On June 3, the final day of the Microgrid 2021 Virtual Conference, the 4-week-long webinar closed with the session, “How Microgrids Will Change the Way We Make, Deliver, and Use Energy.”
During the session, three experts offered their expert opinions on microgrids and microgrid technology in the next few years and in the longer-term future.
The panelists were Clark Wiedetz, Chief Sales Officer at GreenStruxure; Ravi Pradhan, Vice President of Technical Solutions at Siemens; and Marshall Worth, Senior Product Manager of Artificial Intelligence and Analytics Software at PowerSecure.
Steve Pullins, Senior Vice President and Chief Technical Officer of Alphastruxture, moderated the session.
Changes in the Use of Energy
Pullins began by outlining the potential challenges and associated opportunities for microgrids: cost, sustainability, resilience, and reliability of power to end-users. He added that companies and microgrid owners are looking for multi-dimensional solutions that can address several of these concerns simultaneously.
He then invited Pradhan to open discussion, starting with how energy use will change.
In the longer term, he foresees increased adoption of electric vehicles and the installation of “nanogrids,” which are microgrids that operate on smaller, more localized scales. The COVID-19 pandemic has also revealed that people are happy to work from home, a trend which he believes is unlikely to disappear entirely. This means that where energy is consumed is also going to change.
Wiedetz concurred, describing it as increased digitalization. Continuing the theme of how day-to-day business will change, he added that more and more companies are setting dual sustainability and resiliency goals in order to avoid further interruptions to their work.
Worth was excited that businesses are looking at installing microgrids with multiple renewable energy assets to meet their goals, especially because that is a level of technology that already exists today. Not only that, but how assets are used today does not need to be a limit on how those same assets can be used 10 years from now. Designing with flexibility in mind allows for objectives to change and evolve.
Redefining the Delivery of Energy
In terms of delivering energy, with ever-increasing percentages of energy being generated locally, utilities are going to need to redefine their role in the grid, according to Pradhan. He doesn’t believe that utilities aren’t going to disappear though. Somebody “still gotta run that wire if I’m gonna sell my overgeneration to my neighbor…somebody’s still gonna have to be the provider of last resort,” he said.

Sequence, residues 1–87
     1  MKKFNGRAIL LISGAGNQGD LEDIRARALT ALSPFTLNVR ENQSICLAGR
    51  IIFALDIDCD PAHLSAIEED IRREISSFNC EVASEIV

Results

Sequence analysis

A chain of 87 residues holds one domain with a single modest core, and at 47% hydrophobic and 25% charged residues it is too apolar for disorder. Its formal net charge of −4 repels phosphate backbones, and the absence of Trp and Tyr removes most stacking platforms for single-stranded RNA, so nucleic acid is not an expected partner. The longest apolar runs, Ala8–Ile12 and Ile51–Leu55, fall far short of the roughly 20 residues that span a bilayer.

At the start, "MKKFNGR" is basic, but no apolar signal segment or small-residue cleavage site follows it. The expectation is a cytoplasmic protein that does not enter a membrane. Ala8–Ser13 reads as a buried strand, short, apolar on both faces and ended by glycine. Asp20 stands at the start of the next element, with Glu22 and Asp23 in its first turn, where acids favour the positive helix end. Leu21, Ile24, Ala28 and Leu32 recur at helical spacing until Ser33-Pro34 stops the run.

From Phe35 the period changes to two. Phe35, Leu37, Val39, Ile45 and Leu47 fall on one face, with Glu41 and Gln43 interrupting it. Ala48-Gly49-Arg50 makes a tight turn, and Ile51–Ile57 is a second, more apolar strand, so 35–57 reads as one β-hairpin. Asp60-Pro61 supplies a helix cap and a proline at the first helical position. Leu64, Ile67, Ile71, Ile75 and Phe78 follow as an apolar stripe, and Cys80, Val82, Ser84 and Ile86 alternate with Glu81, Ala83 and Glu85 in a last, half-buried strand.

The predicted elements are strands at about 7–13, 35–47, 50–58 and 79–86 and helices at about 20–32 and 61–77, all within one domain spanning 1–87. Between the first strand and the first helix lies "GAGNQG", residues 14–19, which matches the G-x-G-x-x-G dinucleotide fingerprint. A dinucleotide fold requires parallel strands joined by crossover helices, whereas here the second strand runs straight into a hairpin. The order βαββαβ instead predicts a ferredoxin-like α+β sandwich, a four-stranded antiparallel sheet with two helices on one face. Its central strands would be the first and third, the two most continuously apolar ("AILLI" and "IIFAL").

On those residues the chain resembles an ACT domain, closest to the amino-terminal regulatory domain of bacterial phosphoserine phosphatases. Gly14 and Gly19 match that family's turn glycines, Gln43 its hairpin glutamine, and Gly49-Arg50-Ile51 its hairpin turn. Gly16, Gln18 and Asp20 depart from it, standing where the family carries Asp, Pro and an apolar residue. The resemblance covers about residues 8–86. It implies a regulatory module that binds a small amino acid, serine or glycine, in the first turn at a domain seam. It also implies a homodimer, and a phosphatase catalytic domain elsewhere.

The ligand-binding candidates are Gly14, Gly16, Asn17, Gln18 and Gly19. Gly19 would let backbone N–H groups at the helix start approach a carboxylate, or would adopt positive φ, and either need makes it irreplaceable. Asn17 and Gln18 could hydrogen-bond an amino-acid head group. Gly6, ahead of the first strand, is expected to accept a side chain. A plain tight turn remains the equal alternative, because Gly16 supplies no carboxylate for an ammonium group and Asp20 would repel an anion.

Pullins suggested that utilities may find a place for themselves in the emerging energy market, managing transactions between neighbors or communities who are buying and selling power from each other.
Wiedetz added that clients like the efficiency that can come from localized energy generation and transmission. This efficiency helps to save money and reduce greenhouse gas emissions and carbon footprints.
Pradham cautioned that, despite increases in localization, we are probably not going to reach a situation where every town will have its own utility.
The Need for Education on Energy Generation
Pullins added that, while the panelists may be excited about localized energy generation and distribution, not everyone may feel the same.
Wiedetz agreed, believing that education is still needed because there are people who still don’t understand microgrids and what they encompass.
Additionally, Worth suggested that education efforts should also help consumers understand the rate structures available in their area.
At a higher education level, Pradhan is interested in the new schools of thought and the development of software that will shape optimal strategies for balancing output from multiple energy sources with demand and storage capacities. He stated, “At the end of the day, economics is going to drive a lot of it…so how do we come up with the most optimal way of offering these services?”
To close the presentation, Pullins asked the panelists, do you see the ability to engage market forces increasing or decreasing with microgrids in the mix?
Unanimously, the panel agreed that they will increase. Opportunities will open up if only because so many more participants are going to enter the marketplace
As a final question, Pullins asked, are microgrids just a fad?
The panel laughed.
Worth acknowledged that the terminology may change, but microgrids, their technology, and their opportunities will not.
With technology changing so quickly, it’s hard to distinguish the line between “changes in a few years from now” and “changes over the horizon.” However, utility companies are likely to stay, so long as they accept and embrace their evolving role in the electrical grid. Education about onsite energy options is vital in order to raise awareness of distributed energy systems in the public and private sector; and the location of energy consumption is likely to shift as a result of the COVID-19 pandemic.
Most importantly, though, this is only the beginning for microgrids.